Baseball's Worst: Minnesota Twins' Second Basemen

Adam BernacchioAnalyst IIIMay 24, 2011

SARASOTA, FL - MARCH 03:  Infielder Tsuyoshi Nishioka #1 of the Minnesota Twins stretches just before the Grapefruit League Spring Training Game against the Baltimore Orioles at Ed Smith Stadium on March 3, 2011 in Sarasota, Florida.  (Photo by J. Meric/Getty Images)
J. Meric/Getty Images

Next up in our Baseball’s Worst series is baseball’s worst second basemen.

There are a lot of teams have that have underperforming two-baggers, but there’s one team that has had a really rough go of it at the position.

The Minnesota Twins have never been known to produce offensive powerhouses at second base, but this year, it’s gotten down right ugly. The 2011 Twins are owners of the worst offensive performing second basemen in baseball.

Let’s take a look at the guys responsible for this mess and if their is any help on the way…

Second Basemen

Luke Hughes

Matt Tolbert

Alexi Casilla

Michael Cuddyer

Tsuyoshi Nishioka

Major League Rankings

AVG: 29th (.190)

OBP: 30th (.238)

SLG: 30th (.259)

HRs: Tied for 29th (1)

ISO: 24th (.068)

wOBA: 30th (.228)

WAR: 30th (-1.3) 


 The Twins thought they had the answer at second base when they signed Japanese import Tsuyoshi Nishioka this offseason. But when he broke his fibula in a game against the New York Yankees in April, the Twins had to go into scramble mode.

Since Nishioka got hurt, the Twins have used four different players at second, and they have all been terrible.

Hughes has started the most games at second (16), and in those games, he has a slash line of .185/.241/.278 with one HR and two doubles. He’s not the short-term or long-term answer for the Twins.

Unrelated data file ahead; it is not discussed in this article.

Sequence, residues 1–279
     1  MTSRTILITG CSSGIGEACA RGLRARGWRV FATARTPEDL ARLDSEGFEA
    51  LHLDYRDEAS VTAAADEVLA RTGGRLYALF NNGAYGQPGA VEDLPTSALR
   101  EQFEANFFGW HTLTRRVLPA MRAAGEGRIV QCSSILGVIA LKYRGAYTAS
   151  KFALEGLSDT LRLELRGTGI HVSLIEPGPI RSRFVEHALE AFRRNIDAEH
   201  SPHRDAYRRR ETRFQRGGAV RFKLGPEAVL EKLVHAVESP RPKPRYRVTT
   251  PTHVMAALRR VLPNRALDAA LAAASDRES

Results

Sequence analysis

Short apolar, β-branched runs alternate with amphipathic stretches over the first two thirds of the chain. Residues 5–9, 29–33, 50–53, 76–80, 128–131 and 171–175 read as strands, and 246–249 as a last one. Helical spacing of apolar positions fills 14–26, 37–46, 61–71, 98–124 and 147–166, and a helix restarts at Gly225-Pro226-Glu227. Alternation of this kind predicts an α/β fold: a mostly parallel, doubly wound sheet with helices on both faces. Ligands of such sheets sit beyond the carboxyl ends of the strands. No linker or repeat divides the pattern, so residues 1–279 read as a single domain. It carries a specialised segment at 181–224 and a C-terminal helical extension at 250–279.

The Twins have also gone to Casilla at second, also. Casilla’s in the major leagues, but I am not really sure why. He’s never been worth more than one win for the Twins and has been just okay in the field.

He is the modern day Felix Fermin.

Minnesota has also tried Tolbert and Cuddyer as a replacement for Nishioka, but neither of them have done anything. I give credit to Cuddyer for trying to help the Twins out in anyway he can, but he is no longer the three-win player he was a couple of years ago and he has seen his OPS take a dip three straight seasons.

The Future

 I could see things getting slightly better for the Twins at second base as the season moves along. First and foremost, Minnesota second basemen have a .209 BABIP. That’s clearly going to get better throughout the season.

Going into Monday’s games, the average BABIP for major league second basemen was .279.

Second, I believe in Nishioka. I couldn’t believe how hard Twins fans were on this guy at the start of the season. Yes, he only hit .208 and struck out 33 percent of the time in six games, but it was only six games.

To put things in perspective, Kaz Matsui hit .333/.484/.625 with one HR and four doubles in his first six games major league games with the New York Mets back in 2004, and look how his career turned out.

He was run out of NY faster than Gregg Jefferies.

Twins trainer Rick McWane said Monday that Nishioka could play in his first rehab game later this week. If everything goes well, he could return to the Twins in late June.

In regards to prospects, the Twins don’t have any second basemen on their way. Outside of Miguel Sano, who’s shaping up to be more of an OF or 1B than a 3B, most of the Twins’ top prospects are outfielders and right-handed pitchers. Brian Dinkelman is hitting .295/.383/.378 with no HRs in 180 PAs in Triple-A, but he is 27 and is considered more of an organizational filler at this point than anything else.

It’s shaping up to be a long year in Minnesota. Nothing has gone right for them so far, and the performances by their second basemen haven’t helped.


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